Whether it’s Steve McQueen unbuttoning his driving suit or Cara Delevingne posing with a lion cub, TAG Heuer has always had an eye for an arresting image, but never let it be said that this is a brand with more style than substance – TAG Heuer is all about the substance.
Founded in 1860 by Edouard Heuer in the chocolate-box pretty Swiss Jura, Heuer, as it was called back then (the brand didn’t get the TAG until private holding company Techniques d’Avant Garde bought it in 1985) was already experimenting with the chronographs that would become its signature, devising a new clutch system that’s still a feature of the complication today.
In 1916, it had gone one further and invented a 100th-of-a-second stopwatch, which won the brand the title of Olympic timekeeper for three years in the 1920s. By the 1930s it was making the dashboard timers for cars and planes that would provide the design cues for its wristwatches to come, as well as crafting chronographs for Luftwaffe pilots to wear. It even had a stint making watches for Abercrombie & Fitch in the early 1950s. The first of its iconic designs didn’t appear until 1962, however, when it launched the Autavia – inspired by the dashboard timers of the same name. It was what we’d now consider a classic sports chronograph: simple, legible and with a tool-watch aesthetic.
Hot on the Autavia’s heels was the more refined Carrera, with its pared-back dial and slim inner bezel, a year later, but the really big launch was to come. In 1969, in partnership with Breitling and Hamilton, versions of the Autavia, Carrera and the unmistakeable square form of the Monaco were unveiled, all of which were powered by TAG Heuer’s first automatic chronograph, with its distinctive left-side crown.
All of which might have made waves in the watch world, but the moment that brought the brand to the attention of the wider world was when the King of Cool himself, Steve McQueen, wore a Monaco in the 1971 film Le Mans. Rumour has it that McQueen insisted on wearing the watch because he wanted to emulate his friend and racing hero, the Swiss driver Joe Sifferet, who was then a Heuer ambassador. It was a decision that strengthened the association between TAG Heuer and motor sport and gave it some much needed cool quota.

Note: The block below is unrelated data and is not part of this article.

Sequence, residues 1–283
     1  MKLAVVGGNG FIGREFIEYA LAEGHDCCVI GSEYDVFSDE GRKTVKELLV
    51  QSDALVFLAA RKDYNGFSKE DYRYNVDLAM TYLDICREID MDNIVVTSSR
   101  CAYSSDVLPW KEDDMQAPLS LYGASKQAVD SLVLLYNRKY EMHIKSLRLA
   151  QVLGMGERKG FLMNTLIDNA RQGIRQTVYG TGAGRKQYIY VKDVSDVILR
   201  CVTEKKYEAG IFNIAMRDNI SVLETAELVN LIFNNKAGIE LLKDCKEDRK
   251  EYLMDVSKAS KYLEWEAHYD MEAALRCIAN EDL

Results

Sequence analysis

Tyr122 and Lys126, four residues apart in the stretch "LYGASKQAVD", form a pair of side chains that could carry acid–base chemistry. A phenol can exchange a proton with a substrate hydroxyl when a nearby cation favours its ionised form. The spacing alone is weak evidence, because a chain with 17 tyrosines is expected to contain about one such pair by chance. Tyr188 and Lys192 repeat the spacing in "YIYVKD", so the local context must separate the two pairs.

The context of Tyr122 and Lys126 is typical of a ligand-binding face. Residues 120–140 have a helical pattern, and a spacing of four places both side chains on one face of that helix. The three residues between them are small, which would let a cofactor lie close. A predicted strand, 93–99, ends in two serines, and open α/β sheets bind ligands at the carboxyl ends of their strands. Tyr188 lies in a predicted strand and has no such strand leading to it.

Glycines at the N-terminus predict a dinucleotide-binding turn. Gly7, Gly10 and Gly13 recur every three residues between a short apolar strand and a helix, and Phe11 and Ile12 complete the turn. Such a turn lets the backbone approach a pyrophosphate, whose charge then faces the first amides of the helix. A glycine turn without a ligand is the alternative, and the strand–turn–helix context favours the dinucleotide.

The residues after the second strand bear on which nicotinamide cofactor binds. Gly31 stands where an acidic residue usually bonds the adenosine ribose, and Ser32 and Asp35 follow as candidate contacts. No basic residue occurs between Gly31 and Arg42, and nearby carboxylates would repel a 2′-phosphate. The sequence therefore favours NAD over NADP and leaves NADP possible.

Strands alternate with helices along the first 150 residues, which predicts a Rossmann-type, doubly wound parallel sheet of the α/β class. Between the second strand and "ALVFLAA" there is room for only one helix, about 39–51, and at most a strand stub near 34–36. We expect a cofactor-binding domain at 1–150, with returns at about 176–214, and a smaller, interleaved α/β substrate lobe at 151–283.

STEVE MCQUEEN ON THE SET LE MANS I COURTESY OF TAG HEUER
TAG Heuer entered the world of diving watches following its acquisition by LVMH in 1999, unveiling the US Navy Seal-tested Aquagraph – boasting an amazing water-resistance of up to 500m – in 2002. This quickly mutated into the more visually attractive Aquaracer – still one of the few elegant women’s divers that can actually be used to dive in (the reason, apparently, why Cameron Diaz is a fan) – with the more recent Link Lady an altogether more sophisticated proposition again.
The employment of London-based Christoph Behling in 2004 saw the brand experiment with ever-more accurate chronographs, including the 2012 Mikrogirder model, which is precise to 5/10,000ths of a second, and the launch of some gorgeous retro reissues. TAG Heuer has also continued to be clever at leveraging its brand through celebrity, constantly switching up its ambassadors to appeal to a younger, culture-savvy customer that has seen the brand attach its star to the likes of Cara Delevingne, Chris Hemsworth while still partnering with the likes of Aston Martin and the Indy 500.
Over the years the brand has created some of the most iconic watches of the 20th century, devised some incredibly complex movements and even successfully branched out into the previously Apple-dominated smart watch territory with its TAG Heuer Connected. It just happens to know the power of a good image too.
You can’t beat the simple, sporty stylings of the Aquaracer. There is nothing out of place, every element, from the diamond indices to the steel-on-steel case, bezel and bracelet, complements the other and now, if you like something with a little more pizazz it comes with a Kermit-green dial.